The secret to good decision-making? Stick to common sense

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Q: Based on your considerable business experience, what do you think is the secret to good decision-making?

A: It is wise to stay away from politics and stick to common sense.

Don’t make decisions in a meeting. Boards are there to debate, formally approve and communicate critical findings. Good decisions are rarely made by a show of hands.

Coming to the right conclusion is an art, not a science, so don’t be fooled by a “decision platform” or PowerPoint presentation produced to prove a politically preferred answer. Decision-making can be hampered by governance and procedure. I recently heard of a university requiring 35 signatures to sign off on a £250,000 project, by which time the price had risen by 10%.

Many decisions are made by the wrong people. Too many “head office” executives create policies and processes that tell front-line colleagues what to do. These people don’t know as much as the shop staff. The best decisions are usually made by those who actually do the work.

Executives do more damage when undermining the authority of junior executives. I am completely in favor of top management meeting their most junior colleagues, but they must not be tempted to intervene without their agreement.

The head office does not manage day-to-day business. Senior managers make strategic decisions and then help others across the organization make their own decisions, so they can turn strategy into reality.

Making strategic decisions is lonely work, but no one should do it alone. Talk to as many people whose opinion you respect as possible. Fill your mind with everything you need to consider. Why do things have to change? What is your objective ? How will the team react? Will your customers get a better deal? Many questions must be resolved by one big decision.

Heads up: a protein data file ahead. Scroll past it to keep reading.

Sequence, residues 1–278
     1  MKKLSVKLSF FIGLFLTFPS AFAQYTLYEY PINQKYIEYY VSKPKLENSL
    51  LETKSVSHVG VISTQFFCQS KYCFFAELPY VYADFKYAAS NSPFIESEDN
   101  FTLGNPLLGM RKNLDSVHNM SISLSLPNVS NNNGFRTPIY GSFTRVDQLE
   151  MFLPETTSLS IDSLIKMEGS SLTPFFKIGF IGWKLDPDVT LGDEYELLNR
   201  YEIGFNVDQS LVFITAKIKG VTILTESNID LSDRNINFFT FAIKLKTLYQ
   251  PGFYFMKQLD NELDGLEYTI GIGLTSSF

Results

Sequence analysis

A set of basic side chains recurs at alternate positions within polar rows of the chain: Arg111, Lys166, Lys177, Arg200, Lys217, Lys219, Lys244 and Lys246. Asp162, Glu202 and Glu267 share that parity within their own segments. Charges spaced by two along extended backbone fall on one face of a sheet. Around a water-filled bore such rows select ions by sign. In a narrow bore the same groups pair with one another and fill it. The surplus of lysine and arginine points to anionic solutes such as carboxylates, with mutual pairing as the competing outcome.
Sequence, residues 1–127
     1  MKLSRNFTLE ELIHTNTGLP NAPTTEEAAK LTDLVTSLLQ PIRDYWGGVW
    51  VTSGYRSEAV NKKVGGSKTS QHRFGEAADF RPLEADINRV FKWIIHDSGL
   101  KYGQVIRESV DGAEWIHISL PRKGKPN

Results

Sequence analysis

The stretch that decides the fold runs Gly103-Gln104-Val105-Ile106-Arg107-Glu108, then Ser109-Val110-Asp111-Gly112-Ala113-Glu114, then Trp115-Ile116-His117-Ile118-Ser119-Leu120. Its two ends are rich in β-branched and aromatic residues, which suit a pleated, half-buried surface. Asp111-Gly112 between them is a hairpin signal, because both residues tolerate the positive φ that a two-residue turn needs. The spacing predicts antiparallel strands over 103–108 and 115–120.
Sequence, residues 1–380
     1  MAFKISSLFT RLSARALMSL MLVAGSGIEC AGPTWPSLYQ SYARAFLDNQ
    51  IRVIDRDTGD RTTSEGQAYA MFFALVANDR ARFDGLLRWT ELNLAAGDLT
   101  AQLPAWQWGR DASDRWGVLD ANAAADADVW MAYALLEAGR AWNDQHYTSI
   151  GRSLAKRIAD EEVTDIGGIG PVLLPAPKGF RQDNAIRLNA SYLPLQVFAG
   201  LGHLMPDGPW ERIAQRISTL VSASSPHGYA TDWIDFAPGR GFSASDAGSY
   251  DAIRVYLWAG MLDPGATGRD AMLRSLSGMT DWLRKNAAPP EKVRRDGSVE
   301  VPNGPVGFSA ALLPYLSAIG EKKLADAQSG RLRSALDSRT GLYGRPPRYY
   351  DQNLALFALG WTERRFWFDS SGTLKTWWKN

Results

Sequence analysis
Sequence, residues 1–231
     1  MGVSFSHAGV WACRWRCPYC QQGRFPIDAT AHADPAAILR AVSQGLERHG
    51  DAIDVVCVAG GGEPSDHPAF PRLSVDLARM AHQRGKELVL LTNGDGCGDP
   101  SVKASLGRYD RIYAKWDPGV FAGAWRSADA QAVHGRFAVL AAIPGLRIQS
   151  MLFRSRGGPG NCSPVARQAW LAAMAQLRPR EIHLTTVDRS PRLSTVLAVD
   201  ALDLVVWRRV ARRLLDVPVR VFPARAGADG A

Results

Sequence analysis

It helps to make a list, but keep it simple. To be more precise, two lists are needed, one directed “for” the other “against”. There is no need to think too much; follow your instincts and place each key factor under one of the headings. You will quickly see if you have an easy decision.

What else? Make the easy decisions right away – go for it. The decision that most managers sleep on (too long) is whenever it is clear that a colleague should be asked to leave. The boss always sleeps better when the deed has been done.

Honest entrepreneurs admit that the best decisions and big breakthroughs are driven by a fluke or a lightbulb moment, but they shouldn’t be shy. True entrepreneurial skill manifests itself in the experience necessary to recognize a great idea when it’s staring you in the face.

The more you know about the company, the easier the decisions become. But you won’t get much help from focus groups, “in-depth analysis,” a dashboard, or consultants commissioning market research. You have to live the company, meet as many colleagues as possible, study the history of the company and make it your number one hobby.

Your question made me think of our own important decisions. For 45 years on the board, I’ve had a pretty low strike rate for mega decisions, but the big forks in the road don’t show up very often. Usually you only recognize crucial calls in retrospect. The great ones only show their importance as events unfold.

Looking back, I don’t think we’ve made more than 10 life-saving decisions in the last 53 years. The first was to introduce key cutting in our shoemaking workshops in 1969. This attempt at diversification created most of the business today.

My reluctant decision to sell our retail shoe stores in 1987 turned out to be a masterstroke. Shoe stores were on the verge of disappearing from the main street, and while other shoe chains suffered, we were free to focus on growing our service business.

The purchase of a 110-store competitor, Automagic, in 1995 made us a truly profitable business and taught us how to grow by acquiring underperforming competitors.

Our progress since then owes a lot to the decision to put frontline colleagues in control by introducing our ‘reverse management’ approach.

For the past 20 years the business has been run by my son, James, whose most important decisions have been our diversification into photo retail and moving into supermarkets.

My best decision? It’s simple: It was about marrying my late wife, Alex, who guided our company culture, taught me to break the rules, and forcefully forced me to stop IPO plans. of our company in 1991. It was a decision dominated by instinct.


Sir John Timpson is chairman of high street service provider, Timpson.

Send him a question at [email protected] and read more answers from his Ask John column here

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